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CSUN Is Beaten by Hawaii

March 28, 1985|Special to The Times

HONOLULU — No matter how much fun the Cal State Northridge baseball team may be having between games here, the Matadors probably can't wait to return to mainland baseball fields.

The Matadors managed only three hits in a 3-0 loss to Hawaii on Wednesday--their fourth defeat in six games in the 10th annual Rainbow-Easter Baseball Tournament at the University of Hawaii.

The Matadors (23-11-1) face Brigham Young University today and conclude the round-robin tournament Friday against Lewis and Clark College.

Don't make the mistake of picturing CSUN Coach Terry Craven at wits end, however, angrily trying to shake the doldrums from his team.

"We've had a drop in intensity--but that's understandable," CSUN Coach Terry Craven said. "We want to relax and enjoy ourselves when we're not playing and it's not easy to turn (intensity) on and off.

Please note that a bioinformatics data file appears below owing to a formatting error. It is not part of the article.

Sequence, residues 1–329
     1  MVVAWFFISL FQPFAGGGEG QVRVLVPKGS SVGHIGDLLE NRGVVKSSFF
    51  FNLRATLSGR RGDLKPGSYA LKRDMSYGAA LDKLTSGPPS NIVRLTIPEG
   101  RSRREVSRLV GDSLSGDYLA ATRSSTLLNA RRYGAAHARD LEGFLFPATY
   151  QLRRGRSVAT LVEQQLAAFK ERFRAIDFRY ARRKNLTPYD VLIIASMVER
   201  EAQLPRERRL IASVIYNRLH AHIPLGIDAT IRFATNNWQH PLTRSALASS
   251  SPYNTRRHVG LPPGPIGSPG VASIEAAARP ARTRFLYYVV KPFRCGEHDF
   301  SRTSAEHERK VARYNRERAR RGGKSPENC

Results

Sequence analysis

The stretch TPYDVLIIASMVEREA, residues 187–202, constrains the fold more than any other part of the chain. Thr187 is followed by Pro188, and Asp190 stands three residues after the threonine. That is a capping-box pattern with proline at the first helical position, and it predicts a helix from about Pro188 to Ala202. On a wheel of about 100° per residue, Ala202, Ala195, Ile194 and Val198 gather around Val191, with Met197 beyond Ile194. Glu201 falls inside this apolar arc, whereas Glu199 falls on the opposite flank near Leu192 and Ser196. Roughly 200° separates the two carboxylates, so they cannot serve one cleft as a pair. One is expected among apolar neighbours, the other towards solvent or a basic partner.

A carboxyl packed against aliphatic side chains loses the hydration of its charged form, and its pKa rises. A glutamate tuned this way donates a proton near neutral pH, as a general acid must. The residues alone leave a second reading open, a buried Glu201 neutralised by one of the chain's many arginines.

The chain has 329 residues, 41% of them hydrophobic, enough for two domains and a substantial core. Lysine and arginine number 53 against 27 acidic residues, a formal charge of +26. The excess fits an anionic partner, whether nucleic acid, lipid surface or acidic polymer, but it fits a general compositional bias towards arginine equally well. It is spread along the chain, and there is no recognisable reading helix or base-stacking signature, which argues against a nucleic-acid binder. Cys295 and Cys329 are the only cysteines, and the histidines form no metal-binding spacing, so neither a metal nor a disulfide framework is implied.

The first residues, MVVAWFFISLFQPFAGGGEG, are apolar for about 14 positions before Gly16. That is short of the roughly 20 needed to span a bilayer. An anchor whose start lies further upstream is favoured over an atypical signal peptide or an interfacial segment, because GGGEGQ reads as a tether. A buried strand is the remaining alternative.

"We are having a good time," he said. "This is a great experience."

Hawaii pitchers Peter Bold and George Oshiro combined to shut down the CSUN offense. Bold sailed through a flawless first inning, then Oshiro took over and blanked the Matadors the rest of the way.

Hawaii got on the scoreboard with a two-run sixth inning off of losing pitcher Jeremy Hernandez when Hiro Iniba doubled home Dave Matta and Mario Monico.

Oshiro was given an insurance run in the eighth when Monico, who is hitting .390, singled home Matta.

Junior right fielder Todd Mustin and senior first baseman Paul Kaplan were the only Matadors to hit safely. Mustin singled twice and Kaplan once.

"We were hitting the ball well--flying out 340 to 400 feet away," Craven said. "This is a huge park and a stiff wind blows in from left field. There has only been one (home run) hit to left all year."

Oshiro relied mostly on off-speed pitches, according to Craven. The left-hander struck out one and walked two.

"No one in the stands is pulling for you," Craven said. "We've had to make a whole bunch of adjustments. The umpires are different, our entire routine is different.

"This experience will help us if we are fortunate to make the (NCAA Division II) regionals and the world series," he said.

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